Abstract and Keywords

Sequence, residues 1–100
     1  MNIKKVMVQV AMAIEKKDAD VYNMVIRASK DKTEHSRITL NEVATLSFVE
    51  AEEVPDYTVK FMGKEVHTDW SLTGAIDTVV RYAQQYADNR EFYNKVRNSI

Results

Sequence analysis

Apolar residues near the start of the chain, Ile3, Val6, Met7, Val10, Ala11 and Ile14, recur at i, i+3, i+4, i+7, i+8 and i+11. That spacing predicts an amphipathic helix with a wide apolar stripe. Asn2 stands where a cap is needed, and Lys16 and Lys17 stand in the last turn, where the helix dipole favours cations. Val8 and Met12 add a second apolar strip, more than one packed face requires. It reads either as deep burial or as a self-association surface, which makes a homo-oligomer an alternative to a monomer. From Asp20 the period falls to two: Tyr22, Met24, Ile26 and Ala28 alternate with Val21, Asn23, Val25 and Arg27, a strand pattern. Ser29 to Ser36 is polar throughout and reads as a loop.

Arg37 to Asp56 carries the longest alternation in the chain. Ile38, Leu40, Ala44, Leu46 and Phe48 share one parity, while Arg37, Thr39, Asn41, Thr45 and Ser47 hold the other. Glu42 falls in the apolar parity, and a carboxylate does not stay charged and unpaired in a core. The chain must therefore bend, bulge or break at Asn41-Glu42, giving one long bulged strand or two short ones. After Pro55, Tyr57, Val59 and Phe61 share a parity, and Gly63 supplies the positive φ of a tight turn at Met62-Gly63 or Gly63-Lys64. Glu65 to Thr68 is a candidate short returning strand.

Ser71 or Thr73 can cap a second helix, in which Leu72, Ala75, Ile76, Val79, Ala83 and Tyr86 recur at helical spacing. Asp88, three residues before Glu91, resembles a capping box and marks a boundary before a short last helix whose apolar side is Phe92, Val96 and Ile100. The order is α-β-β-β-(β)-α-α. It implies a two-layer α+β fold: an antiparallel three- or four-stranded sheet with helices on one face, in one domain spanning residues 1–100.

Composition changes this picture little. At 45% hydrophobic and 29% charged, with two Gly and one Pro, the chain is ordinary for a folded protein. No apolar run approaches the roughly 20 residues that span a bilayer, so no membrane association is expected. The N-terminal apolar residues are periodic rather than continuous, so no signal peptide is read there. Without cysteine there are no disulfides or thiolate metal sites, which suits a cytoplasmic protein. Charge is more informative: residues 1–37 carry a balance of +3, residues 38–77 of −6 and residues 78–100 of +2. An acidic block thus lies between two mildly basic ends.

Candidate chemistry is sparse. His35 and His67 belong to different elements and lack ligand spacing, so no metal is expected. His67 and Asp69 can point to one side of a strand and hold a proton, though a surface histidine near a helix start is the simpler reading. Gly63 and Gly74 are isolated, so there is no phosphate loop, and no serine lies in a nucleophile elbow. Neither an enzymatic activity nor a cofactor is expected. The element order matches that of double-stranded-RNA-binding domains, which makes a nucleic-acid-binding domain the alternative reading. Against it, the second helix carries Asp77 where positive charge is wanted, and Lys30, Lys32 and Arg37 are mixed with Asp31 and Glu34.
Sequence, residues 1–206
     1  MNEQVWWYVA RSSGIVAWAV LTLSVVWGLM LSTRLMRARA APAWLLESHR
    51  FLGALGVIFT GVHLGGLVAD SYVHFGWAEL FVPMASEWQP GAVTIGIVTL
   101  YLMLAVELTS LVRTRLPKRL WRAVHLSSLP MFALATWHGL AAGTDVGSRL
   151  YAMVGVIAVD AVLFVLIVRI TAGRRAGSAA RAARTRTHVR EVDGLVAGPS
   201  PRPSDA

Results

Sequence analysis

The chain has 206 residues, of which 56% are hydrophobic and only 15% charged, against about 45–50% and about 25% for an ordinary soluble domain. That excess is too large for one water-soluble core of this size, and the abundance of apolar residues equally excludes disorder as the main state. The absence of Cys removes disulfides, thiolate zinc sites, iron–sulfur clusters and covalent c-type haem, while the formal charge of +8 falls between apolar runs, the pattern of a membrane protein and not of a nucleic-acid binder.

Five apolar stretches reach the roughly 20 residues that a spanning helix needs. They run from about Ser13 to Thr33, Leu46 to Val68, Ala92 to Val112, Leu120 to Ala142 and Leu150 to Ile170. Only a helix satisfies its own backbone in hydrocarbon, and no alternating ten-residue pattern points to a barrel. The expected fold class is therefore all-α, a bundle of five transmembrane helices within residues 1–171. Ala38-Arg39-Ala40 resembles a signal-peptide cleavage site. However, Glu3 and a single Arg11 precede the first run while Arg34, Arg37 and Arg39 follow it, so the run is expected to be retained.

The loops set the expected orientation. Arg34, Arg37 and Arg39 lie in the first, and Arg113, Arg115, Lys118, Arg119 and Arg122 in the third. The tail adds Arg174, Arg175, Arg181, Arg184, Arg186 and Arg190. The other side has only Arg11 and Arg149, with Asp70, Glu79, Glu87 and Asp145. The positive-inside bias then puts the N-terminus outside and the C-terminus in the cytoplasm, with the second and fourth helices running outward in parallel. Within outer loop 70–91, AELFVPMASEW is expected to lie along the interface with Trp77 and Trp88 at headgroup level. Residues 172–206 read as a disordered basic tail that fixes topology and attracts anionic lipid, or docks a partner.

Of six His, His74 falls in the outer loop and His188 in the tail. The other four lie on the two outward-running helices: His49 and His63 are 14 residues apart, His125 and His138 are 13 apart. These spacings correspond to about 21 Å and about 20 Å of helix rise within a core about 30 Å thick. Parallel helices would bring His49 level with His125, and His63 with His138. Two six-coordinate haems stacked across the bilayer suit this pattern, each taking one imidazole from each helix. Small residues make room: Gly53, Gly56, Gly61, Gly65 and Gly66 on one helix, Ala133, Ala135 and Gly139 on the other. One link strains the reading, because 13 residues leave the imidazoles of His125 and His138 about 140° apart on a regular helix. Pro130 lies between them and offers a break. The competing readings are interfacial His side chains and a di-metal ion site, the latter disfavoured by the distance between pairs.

This article begins with a discussion of the emergence of the international political economy (IPE) as a significant field of study in international relations. It then considers the definition of IPE, early work in IPE, and the efforts to draw distinction between how IPE evolved in the United States in contrast to other parts of the world. It is argued that the range of topics covered by the field to date has been excessively narrow. The majority of the research has focused on international trade issues; global finance has been the second-most significant issue area but has received less attention than trade, while issues relating to foreign direct investment and the reorganization of production have been left largely to management studies and to sociologists. The field has seen plenty of excursions into what proved to be theoretical dead ends. But as Cohen himself argues, to judge progress in IPE by whether or not students have produced a general theory is to set the hurdle unrealistically high. Even the excursions into dead ends did generate new understandings.
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